The government has defended its changes on the basis that other major climate-finance contributors, such as Germany, Japan and the US, already use these approaches.
Mitchell said in his statement that “the UK has long looked to lead on climate action”, citing its record providing climate finance overseas. However, Euan Ritchie, a senior development finance policy advisor at the thinktank Development Initiatives, tells Carbon Brief:
“The UK has been one of the better climate-finance reporters in the past…Justifying slackening in reporting standards based on what other countries are doing is problematic. We want other countries to be improving their reporting to be in line with the UK, not vice versa.”
As Mitchell’s statement points out, the UK has historically provided 85% of its ICF as grants – generally seen as superior to loans for debt-laden countries – while the global average for grant-based finance is 26%. Experts tell Carbon Brief that the new approach will likely mean more UK climate finance is distributed as loans.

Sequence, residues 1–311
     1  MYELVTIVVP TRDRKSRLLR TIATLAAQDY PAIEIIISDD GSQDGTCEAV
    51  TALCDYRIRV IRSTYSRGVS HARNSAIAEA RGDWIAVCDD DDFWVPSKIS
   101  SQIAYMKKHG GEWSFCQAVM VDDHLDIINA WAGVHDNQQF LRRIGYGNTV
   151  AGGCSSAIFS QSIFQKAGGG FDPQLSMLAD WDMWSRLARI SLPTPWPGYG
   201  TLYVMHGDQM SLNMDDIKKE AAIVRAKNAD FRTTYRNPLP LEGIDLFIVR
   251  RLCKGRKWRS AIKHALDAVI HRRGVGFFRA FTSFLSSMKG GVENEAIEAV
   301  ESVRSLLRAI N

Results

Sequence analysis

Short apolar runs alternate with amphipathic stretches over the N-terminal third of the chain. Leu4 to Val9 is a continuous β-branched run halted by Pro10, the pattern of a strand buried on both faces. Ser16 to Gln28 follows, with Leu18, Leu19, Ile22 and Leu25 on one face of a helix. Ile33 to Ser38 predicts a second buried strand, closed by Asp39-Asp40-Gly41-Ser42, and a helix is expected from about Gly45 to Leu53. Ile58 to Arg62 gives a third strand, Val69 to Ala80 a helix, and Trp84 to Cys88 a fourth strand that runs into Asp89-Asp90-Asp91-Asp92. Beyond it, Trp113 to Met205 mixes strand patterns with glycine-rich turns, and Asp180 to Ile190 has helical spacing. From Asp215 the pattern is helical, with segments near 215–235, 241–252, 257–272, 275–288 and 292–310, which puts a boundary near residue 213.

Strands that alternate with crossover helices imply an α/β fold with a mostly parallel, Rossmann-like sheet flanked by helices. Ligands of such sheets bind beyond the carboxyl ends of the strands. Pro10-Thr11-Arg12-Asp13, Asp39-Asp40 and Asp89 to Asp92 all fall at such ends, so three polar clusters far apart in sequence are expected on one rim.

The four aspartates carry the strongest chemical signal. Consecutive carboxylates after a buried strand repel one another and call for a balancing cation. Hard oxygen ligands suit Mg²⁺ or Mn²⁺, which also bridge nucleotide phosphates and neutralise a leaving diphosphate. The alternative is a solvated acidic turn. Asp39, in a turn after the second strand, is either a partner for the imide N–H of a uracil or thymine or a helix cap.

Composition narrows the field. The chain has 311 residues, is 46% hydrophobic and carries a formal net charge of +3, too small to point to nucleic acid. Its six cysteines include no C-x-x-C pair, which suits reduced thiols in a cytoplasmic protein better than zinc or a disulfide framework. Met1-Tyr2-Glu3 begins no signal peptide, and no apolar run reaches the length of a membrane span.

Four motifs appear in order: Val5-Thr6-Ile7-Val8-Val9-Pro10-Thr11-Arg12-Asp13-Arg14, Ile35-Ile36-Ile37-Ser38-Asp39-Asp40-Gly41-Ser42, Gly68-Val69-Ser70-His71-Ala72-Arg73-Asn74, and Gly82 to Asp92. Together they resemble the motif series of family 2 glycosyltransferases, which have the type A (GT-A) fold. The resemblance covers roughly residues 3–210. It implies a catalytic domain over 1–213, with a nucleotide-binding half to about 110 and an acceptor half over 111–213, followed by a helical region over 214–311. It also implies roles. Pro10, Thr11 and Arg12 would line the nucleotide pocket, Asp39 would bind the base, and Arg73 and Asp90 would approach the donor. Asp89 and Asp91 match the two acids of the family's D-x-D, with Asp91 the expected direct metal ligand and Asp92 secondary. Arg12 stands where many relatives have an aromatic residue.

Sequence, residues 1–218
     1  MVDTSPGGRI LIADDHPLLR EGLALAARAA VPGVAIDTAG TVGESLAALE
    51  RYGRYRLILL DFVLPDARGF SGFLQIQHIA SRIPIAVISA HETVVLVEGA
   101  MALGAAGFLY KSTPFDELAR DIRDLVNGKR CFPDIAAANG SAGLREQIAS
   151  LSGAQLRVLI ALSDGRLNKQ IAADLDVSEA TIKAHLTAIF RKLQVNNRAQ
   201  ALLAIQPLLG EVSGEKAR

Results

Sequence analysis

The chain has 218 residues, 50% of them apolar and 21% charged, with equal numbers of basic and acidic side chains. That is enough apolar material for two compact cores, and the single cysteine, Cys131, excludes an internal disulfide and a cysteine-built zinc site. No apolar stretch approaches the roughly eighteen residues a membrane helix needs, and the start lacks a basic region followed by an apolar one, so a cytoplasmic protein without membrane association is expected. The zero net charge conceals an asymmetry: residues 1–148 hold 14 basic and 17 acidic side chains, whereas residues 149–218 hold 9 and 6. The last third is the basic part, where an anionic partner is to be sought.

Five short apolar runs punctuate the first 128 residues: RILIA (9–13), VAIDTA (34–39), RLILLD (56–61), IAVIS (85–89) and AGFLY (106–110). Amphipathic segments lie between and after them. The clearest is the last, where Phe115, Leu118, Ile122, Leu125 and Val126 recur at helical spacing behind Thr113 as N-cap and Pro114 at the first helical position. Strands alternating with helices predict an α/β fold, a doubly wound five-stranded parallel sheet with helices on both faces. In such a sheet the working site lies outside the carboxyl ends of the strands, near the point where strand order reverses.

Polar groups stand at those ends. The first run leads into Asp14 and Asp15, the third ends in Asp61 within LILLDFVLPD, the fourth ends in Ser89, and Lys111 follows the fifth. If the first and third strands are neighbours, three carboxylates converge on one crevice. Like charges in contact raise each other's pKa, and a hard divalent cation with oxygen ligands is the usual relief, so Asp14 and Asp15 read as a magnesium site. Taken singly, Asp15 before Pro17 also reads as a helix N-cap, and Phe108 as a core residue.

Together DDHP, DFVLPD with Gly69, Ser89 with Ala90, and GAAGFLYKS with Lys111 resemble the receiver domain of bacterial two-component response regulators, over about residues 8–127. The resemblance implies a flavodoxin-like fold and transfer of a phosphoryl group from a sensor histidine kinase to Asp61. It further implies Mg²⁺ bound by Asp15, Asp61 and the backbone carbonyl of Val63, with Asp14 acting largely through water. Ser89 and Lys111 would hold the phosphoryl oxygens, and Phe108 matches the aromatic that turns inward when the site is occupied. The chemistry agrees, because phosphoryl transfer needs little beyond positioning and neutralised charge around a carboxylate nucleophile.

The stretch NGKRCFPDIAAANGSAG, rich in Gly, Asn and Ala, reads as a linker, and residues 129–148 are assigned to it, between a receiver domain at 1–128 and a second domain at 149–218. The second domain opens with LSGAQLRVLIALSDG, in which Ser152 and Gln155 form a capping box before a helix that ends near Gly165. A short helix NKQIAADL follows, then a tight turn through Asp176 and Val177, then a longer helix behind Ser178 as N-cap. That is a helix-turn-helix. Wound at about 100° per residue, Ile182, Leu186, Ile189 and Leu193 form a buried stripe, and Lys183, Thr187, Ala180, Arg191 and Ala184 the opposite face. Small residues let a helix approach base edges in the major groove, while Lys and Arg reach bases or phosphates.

In addition, as the 2019 pledge to “double” UK climate finance was based on the original calculations, the new methodology means the £11.6bn goal is no longer comparing like for like.
Catherine Pettengell, executive director at Climate Action Network UK, tells Carbon Brief:
“It is an accounting exercise to get to a specific figure and is nothing about doubling the amount of finance available or the intended impact and outcomes of climate finance. With costs of climate change escalating around the world, relabelling existing finance is so far from what is actually needed.”
Previously, there had been suggestions that the government could only achieve its goals by taking aid from other funding streams. Given this, Ian Mitchell, an economist at the Center for Global Development, pointed out that broadening the climate-finance definition provided a better option for meeting the £11.6bn target than taking funds from health or education aid.
The Foreign, Commonwealth and Development Office (FCDO) declined to comment on Carbon Brief’s analysis.